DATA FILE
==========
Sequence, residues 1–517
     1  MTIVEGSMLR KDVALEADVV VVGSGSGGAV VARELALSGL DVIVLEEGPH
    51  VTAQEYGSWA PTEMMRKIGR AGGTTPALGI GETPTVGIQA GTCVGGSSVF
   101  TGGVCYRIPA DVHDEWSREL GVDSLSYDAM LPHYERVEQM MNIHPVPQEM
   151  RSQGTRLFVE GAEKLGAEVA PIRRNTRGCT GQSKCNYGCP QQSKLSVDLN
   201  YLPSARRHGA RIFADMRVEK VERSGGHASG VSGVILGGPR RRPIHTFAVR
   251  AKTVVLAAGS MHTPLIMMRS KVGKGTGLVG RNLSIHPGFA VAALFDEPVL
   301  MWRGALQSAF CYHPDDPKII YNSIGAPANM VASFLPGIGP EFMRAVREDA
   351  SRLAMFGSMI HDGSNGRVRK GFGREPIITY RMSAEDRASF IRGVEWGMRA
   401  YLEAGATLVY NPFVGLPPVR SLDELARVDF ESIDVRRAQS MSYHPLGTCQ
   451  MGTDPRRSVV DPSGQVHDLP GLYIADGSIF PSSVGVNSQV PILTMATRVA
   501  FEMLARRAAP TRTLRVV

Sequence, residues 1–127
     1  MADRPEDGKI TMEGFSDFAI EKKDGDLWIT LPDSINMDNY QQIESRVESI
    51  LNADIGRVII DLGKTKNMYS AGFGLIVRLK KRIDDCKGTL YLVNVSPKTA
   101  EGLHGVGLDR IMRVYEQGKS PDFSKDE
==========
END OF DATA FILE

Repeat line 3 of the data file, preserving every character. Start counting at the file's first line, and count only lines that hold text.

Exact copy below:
    51  VTAQEYGSWA PTEMMRKIGR AGGTTPALGI GETPTVGIQA GTCVGGSSVF